A few weeks there after, it came out that Jones and fellow Tarblooder four-star S Erick Smith would be taking official visits to Kentucky and things got even more intriguing when it was revealed that Jones had signed a mid-year aid agreement with UK in addition to the one with Ohio State. A new NCAA rule interpretation to come out since then states that prospects only get unlimited contact and public acknowledgement from the program that they signed a mid-year aid agreement with first, but that wasn't the case during Jones' saga.
At the 2014 U.S. Army All-American Bowl a few weeks later, in the buildup to the game, Kentucky rumors were still on overdrive, causing a couple of Wildcats recruiting insiders to put in flip picks on 247's Crystal Ball for Jones to UK. But as the day of the game approached, Jones assuaged all trepidations by announcing he'd still be early enrolling in Columbus (though he'd later briefly backtrack on this by saying he wouldn't) and at the very least, seemed to celebrate when Smith announced his commitment to OSU.
This past week, with two snow days starting off the Spring 2014 semester in unprecedented fashion in a post-quarters system world, there remained some doubts as to whether or not Jones would arrive on time as expected. But Jones made his way to Columbus and enrolled, and after the program formally welcomed him yesterday, any recruiting aficionado's worst case scenarios for the talented guard can be officially laid to rest.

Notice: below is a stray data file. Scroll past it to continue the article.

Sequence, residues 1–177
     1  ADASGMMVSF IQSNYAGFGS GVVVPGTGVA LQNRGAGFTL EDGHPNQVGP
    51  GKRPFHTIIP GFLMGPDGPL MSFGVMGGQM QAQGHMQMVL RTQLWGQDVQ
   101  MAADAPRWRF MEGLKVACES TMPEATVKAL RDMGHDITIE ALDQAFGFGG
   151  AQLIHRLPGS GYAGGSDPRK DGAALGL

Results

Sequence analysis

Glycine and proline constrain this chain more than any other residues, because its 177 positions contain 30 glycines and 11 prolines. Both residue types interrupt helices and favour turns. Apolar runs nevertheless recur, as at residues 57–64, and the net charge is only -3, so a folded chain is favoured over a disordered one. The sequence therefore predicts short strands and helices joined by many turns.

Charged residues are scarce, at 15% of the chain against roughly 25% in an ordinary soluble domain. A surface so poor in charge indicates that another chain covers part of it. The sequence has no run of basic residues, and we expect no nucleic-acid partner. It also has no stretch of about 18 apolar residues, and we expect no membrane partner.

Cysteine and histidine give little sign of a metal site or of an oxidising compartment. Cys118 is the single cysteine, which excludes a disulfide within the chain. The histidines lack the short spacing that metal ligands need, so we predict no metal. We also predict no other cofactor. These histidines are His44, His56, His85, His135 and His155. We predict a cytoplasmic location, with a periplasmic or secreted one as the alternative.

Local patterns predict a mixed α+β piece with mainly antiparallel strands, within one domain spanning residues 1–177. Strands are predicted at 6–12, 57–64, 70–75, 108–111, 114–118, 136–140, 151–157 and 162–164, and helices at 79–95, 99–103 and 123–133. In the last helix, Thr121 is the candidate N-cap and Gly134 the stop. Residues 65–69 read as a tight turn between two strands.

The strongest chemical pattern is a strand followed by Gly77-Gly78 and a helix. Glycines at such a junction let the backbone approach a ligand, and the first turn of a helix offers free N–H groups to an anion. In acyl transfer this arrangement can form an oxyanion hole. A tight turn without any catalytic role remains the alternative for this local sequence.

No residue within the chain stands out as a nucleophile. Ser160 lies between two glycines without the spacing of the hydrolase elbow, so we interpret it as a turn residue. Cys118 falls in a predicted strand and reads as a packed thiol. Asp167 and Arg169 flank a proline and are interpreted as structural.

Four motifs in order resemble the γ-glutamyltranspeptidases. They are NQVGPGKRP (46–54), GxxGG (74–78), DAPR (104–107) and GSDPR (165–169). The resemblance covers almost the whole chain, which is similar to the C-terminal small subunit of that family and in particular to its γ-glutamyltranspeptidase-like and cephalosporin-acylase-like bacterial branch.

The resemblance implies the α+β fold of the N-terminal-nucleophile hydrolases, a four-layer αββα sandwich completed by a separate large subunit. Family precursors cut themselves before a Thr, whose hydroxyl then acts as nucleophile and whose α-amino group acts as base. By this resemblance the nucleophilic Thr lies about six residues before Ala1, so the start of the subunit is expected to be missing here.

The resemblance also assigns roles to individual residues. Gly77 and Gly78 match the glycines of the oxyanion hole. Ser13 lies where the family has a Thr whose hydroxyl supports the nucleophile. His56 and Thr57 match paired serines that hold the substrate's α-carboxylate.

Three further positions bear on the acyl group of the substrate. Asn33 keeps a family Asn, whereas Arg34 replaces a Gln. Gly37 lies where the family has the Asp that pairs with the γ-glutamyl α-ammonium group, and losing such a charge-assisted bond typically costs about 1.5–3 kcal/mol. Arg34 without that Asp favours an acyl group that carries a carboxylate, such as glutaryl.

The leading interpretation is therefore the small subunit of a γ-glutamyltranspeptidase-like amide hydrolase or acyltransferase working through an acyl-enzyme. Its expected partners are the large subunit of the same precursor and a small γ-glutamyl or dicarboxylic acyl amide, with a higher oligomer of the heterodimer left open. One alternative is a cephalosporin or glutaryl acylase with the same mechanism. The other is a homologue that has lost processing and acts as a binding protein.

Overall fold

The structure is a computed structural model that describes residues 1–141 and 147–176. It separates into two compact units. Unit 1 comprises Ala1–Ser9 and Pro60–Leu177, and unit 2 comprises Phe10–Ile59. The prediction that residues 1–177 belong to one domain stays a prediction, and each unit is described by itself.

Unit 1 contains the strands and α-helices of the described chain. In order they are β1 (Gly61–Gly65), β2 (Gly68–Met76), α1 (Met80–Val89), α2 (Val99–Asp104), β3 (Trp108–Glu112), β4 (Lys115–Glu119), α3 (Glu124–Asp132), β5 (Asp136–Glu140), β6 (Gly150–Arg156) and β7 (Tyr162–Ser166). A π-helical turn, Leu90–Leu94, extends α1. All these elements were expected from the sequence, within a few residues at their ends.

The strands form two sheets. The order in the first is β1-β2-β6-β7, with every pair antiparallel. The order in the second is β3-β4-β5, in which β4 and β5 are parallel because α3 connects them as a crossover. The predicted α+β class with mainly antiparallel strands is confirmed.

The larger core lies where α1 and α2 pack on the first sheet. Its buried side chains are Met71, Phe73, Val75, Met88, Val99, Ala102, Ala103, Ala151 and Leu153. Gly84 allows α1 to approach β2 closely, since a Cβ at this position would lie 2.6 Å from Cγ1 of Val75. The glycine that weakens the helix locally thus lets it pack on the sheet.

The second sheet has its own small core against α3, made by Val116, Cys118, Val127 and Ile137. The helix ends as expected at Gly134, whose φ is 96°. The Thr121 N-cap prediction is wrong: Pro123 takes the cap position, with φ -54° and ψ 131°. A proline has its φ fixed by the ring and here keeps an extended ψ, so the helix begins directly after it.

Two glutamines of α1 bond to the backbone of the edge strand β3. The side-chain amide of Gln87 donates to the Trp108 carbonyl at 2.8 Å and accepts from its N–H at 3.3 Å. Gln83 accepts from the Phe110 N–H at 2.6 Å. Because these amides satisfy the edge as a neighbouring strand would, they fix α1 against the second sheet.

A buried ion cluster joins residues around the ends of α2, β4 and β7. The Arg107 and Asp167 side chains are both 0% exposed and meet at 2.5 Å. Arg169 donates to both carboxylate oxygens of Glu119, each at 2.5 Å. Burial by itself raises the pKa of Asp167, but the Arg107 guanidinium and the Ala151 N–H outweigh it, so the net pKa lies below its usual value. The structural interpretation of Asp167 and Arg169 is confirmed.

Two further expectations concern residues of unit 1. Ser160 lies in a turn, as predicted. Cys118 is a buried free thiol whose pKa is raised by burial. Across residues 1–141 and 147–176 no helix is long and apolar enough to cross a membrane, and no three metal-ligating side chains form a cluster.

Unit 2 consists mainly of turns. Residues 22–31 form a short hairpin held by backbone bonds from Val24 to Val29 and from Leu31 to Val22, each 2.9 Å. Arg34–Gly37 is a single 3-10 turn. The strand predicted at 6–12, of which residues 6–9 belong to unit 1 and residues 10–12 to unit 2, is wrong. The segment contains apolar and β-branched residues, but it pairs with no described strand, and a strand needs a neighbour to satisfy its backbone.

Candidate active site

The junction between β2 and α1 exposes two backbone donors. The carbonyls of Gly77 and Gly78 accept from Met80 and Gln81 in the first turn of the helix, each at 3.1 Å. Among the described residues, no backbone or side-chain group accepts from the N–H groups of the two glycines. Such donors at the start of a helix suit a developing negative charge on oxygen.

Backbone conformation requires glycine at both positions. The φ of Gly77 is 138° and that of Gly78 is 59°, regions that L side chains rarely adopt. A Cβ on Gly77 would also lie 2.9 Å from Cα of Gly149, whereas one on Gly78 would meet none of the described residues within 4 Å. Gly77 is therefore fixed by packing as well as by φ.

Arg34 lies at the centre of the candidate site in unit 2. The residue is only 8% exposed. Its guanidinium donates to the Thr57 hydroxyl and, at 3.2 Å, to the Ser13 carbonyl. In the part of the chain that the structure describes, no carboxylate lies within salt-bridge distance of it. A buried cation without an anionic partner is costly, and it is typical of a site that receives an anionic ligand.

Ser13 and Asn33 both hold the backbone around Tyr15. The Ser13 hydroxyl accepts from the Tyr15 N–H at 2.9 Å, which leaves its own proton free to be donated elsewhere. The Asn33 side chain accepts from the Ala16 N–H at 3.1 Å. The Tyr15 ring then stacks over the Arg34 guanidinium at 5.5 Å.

Jones is a talented player that in lieu of his three-star 247Composite grade, some feel is actually underrated. The big man is of course raw, though, and with there still plenty of teaching to absorb at the college level before we're even sure what position he's best suited for, an early impact would be a surprise to say the least.
The 6'4/6'5-ish big man has great upper-body strength, and perhaps as soon as following a winter under Ohio State assistant athletic director for football sports performance, Mickey Marotti, and OSU dietician "Miss" Sarah Wick, we can expect that strong frame to be closer to ready for the rigors of playing the line at the collegiate level.
Arguably the biggest knock on his game is his explosiveness (or lack thereof) at the snap and at the point of attack, but given the magic OSU offensive line coach Ed Warinner's worked with other prospects in recent years, these are approaches that can be likely fine-tuned.
TL;DR: Don't expect to see Jones on the depth chart during his first year on a campus. A redshirt is more probable than not, even given the mass exodus on the o-line for the Buckeyes. He projects to a potentially very solid interior lineman, just likely not for a season or two.
Obligatory GIF, Highlights
The over 300-pound Jones was also the kicker for Glenville at times. Watch your back, Sean Nuernberger.